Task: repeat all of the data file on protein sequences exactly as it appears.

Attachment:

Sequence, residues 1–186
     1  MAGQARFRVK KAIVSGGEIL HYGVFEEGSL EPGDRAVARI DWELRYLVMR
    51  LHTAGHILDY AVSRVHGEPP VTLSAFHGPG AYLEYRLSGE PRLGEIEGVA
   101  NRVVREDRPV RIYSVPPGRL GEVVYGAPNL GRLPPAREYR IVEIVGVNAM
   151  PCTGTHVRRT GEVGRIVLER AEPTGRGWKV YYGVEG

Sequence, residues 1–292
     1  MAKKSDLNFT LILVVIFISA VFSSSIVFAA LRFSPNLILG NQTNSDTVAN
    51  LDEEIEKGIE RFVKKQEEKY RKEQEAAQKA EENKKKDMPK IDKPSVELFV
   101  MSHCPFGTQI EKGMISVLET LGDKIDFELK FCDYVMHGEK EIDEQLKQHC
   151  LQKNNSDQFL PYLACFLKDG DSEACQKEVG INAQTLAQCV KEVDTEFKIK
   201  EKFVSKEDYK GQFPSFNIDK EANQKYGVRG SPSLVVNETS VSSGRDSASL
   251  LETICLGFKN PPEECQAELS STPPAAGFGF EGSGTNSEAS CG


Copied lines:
Sequence, residues 1–186
     1  MAGQARFRVK KAIVSGGEIL HYGVFEEGSL EPGDRAVARI DWELRYLVMR
    51  LHTAGHILDY AVSRVHGEPP VTLSAFHGPG AYLEYRLSGE PRLGEIEGVA
   101  NRVVREDRPV RIYSVPPGRL GEVVYGAPNL GRLPPAREYR IVEIVGVNAM
   151  PCTGTHVRRT GEVGRIVLER AEPTGRGWKV YYGVEG

Sequence, residues 1–292
     1  MAKKSDLNFT LILVVIFISA VFSSSIVFAA LRFSPNLILG NQTNSDTVAN
    51  LDEEIEKGIE RFVKKQEEKY RKEQEAAQKA EENKKKDMPK IDKPSVELFV
   101  MSHCPFGTQI EKGMISVLET LGDKIDFELK FCDYVMHGEK EIDEQLKQHC
   151  LQKNNSDQFL PYLACFLKDG DSEACQKEVG INAQTLAQCV KEVDTEFKIK
   201  EKFVSKEDYK GQFPSFNIDK EANQKYGVRG SPSLVVNETS VSSGRDSASL
   251  LETICLGFKN PPEECQAELS STPPAAGFGF EGSGTNSEAS CG